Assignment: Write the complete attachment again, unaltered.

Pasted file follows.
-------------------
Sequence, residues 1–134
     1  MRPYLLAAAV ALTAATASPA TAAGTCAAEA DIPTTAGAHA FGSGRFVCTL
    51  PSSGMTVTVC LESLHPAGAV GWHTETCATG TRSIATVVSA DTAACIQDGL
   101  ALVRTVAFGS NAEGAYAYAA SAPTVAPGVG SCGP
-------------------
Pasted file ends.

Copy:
Sequence, residues 1–134
     1  MRPYLLAAAV ALTAATASPA TAAGTCAAEA DIPTTAGAHA FGSGRFVCTL
    51  PSSGMTVTVC LESLHPAGAV GWHTETCATG TRSIATVVSA DTAACIQDGL
   101  ALVRTVAFGS NAEGAYAYAA SAPTVAPGVG SCGP